A historical review of the rise, fall and revival of the Wealthy Street corridor in Grand Rapids, Mich.
Created by destep on Apr 13, 2011
Last updated: 04/20/11 at 06:38 PM
Vandalism upgraded to "urban terrorism" after arson, letter threatening “a multitude of repercussions” including muggings and kidnapping.
2011: Vandals strike again at Wealthy Street businesses, tout anarchist message.
Vandals target area with anti-gentrification graffiti and smashed windows.
Annual Wealthy Alive! street festival ceases after crime prevention grant funding dries up.
Developer Guy Bazzani rehabs the Helmus Building, formerly a streetcar barn, at corner of Diamond Avenue and Wealthy Street SE as example of revitalization possibilities. Business owners agree to special assessment to pay for street bricks, historical lighting. Wealthy Street Bakery opens.
Philanthropist Peter Wege buys troubled Speedy Mart at corner of Wealthy and Fuller, plans “safe area.” Two years later, Huntington Bank branch opens in the location.
Fairmount Square Historic District established in East Hills. Wealthy Theatre reopens as a nonprofit, multicultural arts center after $2 million restoration project.
Wealthy Theatre Historic District established. Fifteen-year tax-free Renaissance Zone established between Union and Fuller avenues SE.
Cherry Hill Historic District established. after neighbors successfully push out scads of absentee landlords leaving houses open to crime and decay
Wealthy and surrounding neighborhoods considered a drain on city finances and Blighted buildings start getting demolished. Drugs and gang violence fuel blight.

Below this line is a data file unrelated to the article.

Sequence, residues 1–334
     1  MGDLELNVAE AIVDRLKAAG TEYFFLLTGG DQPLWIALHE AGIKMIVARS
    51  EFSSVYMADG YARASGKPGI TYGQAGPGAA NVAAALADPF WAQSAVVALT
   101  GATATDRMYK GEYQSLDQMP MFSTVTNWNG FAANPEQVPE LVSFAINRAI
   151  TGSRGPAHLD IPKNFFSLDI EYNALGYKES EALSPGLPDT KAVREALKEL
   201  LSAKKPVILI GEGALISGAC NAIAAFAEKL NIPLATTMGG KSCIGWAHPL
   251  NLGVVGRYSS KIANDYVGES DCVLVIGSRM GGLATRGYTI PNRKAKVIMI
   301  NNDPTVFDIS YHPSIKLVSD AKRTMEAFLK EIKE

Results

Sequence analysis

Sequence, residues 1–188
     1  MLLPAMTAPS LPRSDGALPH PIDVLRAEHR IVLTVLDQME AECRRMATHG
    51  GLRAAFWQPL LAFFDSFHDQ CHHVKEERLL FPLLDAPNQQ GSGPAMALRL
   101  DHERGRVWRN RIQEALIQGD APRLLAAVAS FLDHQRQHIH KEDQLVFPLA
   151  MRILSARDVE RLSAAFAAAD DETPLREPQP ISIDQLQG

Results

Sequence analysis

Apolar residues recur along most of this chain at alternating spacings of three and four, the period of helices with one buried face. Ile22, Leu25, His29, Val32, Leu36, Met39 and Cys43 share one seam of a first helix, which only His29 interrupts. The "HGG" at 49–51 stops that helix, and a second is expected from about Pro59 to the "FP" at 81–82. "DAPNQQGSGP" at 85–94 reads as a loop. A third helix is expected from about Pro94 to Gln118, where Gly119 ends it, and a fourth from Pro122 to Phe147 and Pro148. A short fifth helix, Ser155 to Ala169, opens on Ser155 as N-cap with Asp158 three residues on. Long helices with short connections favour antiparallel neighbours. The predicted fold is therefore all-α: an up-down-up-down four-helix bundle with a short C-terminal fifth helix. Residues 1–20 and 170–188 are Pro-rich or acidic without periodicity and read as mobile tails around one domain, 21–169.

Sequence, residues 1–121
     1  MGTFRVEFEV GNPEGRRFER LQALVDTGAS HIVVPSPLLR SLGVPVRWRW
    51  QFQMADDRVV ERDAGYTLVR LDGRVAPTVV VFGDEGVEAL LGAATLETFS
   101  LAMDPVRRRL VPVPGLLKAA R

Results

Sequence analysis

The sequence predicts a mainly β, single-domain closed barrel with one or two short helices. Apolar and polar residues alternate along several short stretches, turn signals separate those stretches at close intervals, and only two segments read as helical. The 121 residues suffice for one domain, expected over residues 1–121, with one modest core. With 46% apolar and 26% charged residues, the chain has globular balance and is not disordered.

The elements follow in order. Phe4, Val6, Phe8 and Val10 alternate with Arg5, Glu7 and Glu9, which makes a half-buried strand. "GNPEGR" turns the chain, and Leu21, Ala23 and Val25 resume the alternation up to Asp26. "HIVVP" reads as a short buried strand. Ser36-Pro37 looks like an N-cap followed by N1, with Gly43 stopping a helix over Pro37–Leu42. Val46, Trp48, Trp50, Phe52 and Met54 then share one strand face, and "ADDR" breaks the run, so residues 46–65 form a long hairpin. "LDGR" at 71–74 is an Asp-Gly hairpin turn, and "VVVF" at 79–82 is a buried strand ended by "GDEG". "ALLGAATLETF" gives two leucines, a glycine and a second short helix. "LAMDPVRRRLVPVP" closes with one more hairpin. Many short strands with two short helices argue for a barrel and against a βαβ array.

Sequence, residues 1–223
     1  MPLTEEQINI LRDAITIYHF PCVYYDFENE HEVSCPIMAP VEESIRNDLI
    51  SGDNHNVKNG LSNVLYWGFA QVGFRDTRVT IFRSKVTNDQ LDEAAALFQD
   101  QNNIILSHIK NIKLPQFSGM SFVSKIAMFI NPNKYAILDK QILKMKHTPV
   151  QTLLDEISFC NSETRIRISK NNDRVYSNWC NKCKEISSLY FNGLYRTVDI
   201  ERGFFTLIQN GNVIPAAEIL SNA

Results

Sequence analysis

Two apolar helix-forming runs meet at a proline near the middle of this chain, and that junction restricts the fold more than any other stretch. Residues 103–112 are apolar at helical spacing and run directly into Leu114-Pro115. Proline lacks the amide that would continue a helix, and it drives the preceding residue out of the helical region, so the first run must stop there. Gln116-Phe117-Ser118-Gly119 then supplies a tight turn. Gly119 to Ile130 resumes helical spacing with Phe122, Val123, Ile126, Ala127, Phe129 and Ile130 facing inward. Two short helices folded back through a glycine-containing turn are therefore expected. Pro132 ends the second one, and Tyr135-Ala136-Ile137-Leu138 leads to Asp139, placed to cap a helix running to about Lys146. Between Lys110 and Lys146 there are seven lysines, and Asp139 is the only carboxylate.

Heartside Historic District established.
Wealthy Theatre closes. Heritage Hill Historic District established.
Decline of Wealthy Street corridor becomes serious. Many buildings are boarded-up and vacant. Housing and Community Development Act of 1974 begins to target urban decline with block grants.
July 24-27 riot causes extensive damage to Wealthy-Jefferson neighborhood.
Homes in area begin to show signs of age. Racial unrest, coupled with new freeways, outlying shopping malls and rise of suburbs cause whites to relocate en masse.
Area starts to show beginnings of post-World War II integration when racial restrictive deed covenants break down after 1948 Shelley v. Kraemer decision by U.S. Supreme Court. Business district continues to thrive.
Chain grocers like Kroger, Piggly Wiggly and A&P begin to crowd out neighborhood corner stores.
Businesses in Eastown respond to new automobile-based commerce by building parking lots. Additional commercial buildings spring up along Wealthy during a period of growth sparked by theatre construction. Neighborhood stores sold clothes, groceries, meats, dried goods, hardware, etc
Neighborhood residents Thomas and Laura Giles build Pastime Vaudette (now the Wealthy Theatre), encouraging other businesses to locate nearby. First of 11 neighborhood theatres built throughout the city.
The East Building constructed in Eastown as streetcar barn. Now houses, among other businesses, Mulligan’s Pub.
Grand Rapids and Reeds Lake Railroad Co. organized. Property owners raise $17,000 to entice the company to run the streetcar line down Wealthy.
Beginning of tremendous growth decade along Wealthy Street, which was mostly small farms and pasture. Mid-decade sees first commercial district between Union and Eastern Avenues.
Southern boundary extended south from Fulton Street to the section line by Judge Jefferson Morrison. Street is formally named after Morrison’s second wife, Wealthy Davis, two years later.
Village of Grand Rapids incorporated.